Skip to main content

Archive:

The Women of Petersburg from “Southern Soldier Stories” by George Cary Eggleston

The Women of Petersburg from 
“Southern Soldier Stories” 
by 
George Cary Eggleston

WE went into Petersburg in June, 1864, with the horses at a brisk trot, and the men on foot at a double quick. The enemy's battalions were already at the other end of Sycamore Street, and it was our task to drive them back before they should be reinforced.

Nevertheless those good women of Petersburg ministered to us. They knew that we had been marching all night and that we were in a famishing condition. They knew also that we must not waste a moment if Petersburg, the key to Richmond, was not to be lost.

So they formed themselves in platoons —God bless them! —bearing gifts of sandwiches and coffee. We could not stop even to take, much less to eat, the food they offered, so they thrust their platoons between ours and marched backward as fast as we marched forward, serving their food and drink to us as we went. 

Every now and then a Federal shell would come bowling down the street, but these alert women would jump it as nimbly as if its passage had been a prearranged figure in the dance. Not one of them showed the slightest fear. Not one of them faltered for a moment in her ministrations in consideration of herself. There was not one of them, I think, who would not have gone with us into the crash of the battle itself; but by the time we had refreshed ourselves a little, we were so near to the aggressive enemy's lines, that we cried aloud with one voice the order for the womenkind to go back. A minute later we were in the thick of the struggle for Petersburg. The enemy was not in such force as we had supposed, and we had fortunately arrived some hours in advance of General Grant's ponderous divisions. After fifteen minutes of hard fighting the enemy retired beyond the Jerusalem turnpike and we spent the night in beginning that thin line of earthworks which was destined for eight months to come to hold at bay a force two or three times as strong in numbers as our own.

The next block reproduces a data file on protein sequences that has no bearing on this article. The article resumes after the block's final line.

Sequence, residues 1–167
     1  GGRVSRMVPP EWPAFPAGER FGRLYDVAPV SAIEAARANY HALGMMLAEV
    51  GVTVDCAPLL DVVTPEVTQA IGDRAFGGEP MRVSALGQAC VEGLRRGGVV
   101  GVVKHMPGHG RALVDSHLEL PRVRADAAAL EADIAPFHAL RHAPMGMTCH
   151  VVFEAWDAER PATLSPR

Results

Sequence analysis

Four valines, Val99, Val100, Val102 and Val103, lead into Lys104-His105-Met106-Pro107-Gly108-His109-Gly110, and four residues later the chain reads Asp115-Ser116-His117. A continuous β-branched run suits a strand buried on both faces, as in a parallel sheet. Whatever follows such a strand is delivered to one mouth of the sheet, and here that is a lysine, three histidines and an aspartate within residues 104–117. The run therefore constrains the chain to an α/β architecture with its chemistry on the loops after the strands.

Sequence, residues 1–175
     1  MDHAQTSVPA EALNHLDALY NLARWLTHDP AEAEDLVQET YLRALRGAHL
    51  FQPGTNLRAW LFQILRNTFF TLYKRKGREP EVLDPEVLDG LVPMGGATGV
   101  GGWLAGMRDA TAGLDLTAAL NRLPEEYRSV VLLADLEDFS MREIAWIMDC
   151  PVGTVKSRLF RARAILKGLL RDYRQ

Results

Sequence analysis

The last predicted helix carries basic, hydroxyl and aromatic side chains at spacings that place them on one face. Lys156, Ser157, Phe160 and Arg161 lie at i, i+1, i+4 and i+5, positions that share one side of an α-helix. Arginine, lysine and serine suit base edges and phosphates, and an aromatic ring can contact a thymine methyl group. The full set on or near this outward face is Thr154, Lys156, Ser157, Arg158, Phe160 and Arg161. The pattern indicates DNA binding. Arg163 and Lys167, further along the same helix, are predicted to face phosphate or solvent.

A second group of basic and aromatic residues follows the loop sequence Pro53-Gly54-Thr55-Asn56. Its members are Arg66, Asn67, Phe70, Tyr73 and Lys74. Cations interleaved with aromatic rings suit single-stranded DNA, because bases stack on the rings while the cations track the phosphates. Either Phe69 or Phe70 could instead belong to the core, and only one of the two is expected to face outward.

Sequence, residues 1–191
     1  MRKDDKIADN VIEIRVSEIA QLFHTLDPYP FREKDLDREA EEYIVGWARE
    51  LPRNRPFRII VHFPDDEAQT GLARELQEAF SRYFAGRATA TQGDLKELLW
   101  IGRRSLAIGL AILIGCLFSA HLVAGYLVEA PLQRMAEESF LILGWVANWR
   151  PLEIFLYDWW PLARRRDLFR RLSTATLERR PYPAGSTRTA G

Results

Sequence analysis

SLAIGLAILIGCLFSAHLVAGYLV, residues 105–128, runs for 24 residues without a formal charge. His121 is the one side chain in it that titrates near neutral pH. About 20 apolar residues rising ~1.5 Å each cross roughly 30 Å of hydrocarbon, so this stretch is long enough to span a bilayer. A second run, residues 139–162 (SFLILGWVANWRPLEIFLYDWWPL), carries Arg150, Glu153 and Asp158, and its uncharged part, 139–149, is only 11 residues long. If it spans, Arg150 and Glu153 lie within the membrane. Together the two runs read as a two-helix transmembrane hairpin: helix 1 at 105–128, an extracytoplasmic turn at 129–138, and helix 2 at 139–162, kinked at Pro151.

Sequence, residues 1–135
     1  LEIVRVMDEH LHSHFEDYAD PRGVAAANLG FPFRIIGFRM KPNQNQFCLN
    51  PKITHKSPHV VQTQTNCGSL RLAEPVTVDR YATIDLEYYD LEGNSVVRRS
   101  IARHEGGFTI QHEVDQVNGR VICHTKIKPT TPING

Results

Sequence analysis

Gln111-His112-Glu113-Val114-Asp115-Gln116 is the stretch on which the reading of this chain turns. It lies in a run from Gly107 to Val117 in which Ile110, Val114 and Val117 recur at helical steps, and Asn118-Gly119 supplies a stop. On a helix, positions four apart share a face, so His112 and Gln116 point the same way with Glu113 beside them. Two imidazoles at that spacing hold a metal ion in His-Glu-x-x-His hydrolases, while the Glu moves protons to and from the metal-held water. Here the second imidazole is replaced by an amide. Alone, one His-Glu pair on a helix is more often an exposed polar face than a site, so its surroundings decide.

At any hour during all that eight months the Federal forces could have broken through our lines at any point they pleased, if they had been resolute.

Anybody who will look at the old works today, as I have recently done, and consider the facts dispassionately, can see this clearly for himself. Our enemies had behind them, and running parallel with their lines, a system of roads that was out of our sight. They had resources practically illimitable. They had in front of them an attenuated line of men, stretched out for twenty miles, and without the possibility of reinforcement from any source. They could have concentrated any force they pleased at any point they pleased and at any time they pleased, without the possibility of our discovering what they were doing. They could have made an irresistible attack upon any point of our line at will. They did not do it. And so the fight went on.

During all those weary months the good women of Petersburg went about their household affairs with fifteen-inch shells dropping occasionally into their boudoirs or uncomfortably near to their kitchen ranges. Yet they paid no attention to any danger that threatened themselves.

Their deeds of mercy will never be adequately recorded until the angels report. But this much I want to say of them—they were "war women" of the most daring and devoted type. When there was need of their ministrations on the line, they were sure to be promptly there ; and once, as I have recorded elsewhere in print, a bevy of them came out to the lines only to encourage us, and, under a fearful fire, sang Bayard Taylor's "Song of the Camp," giving us as an encore the lines;—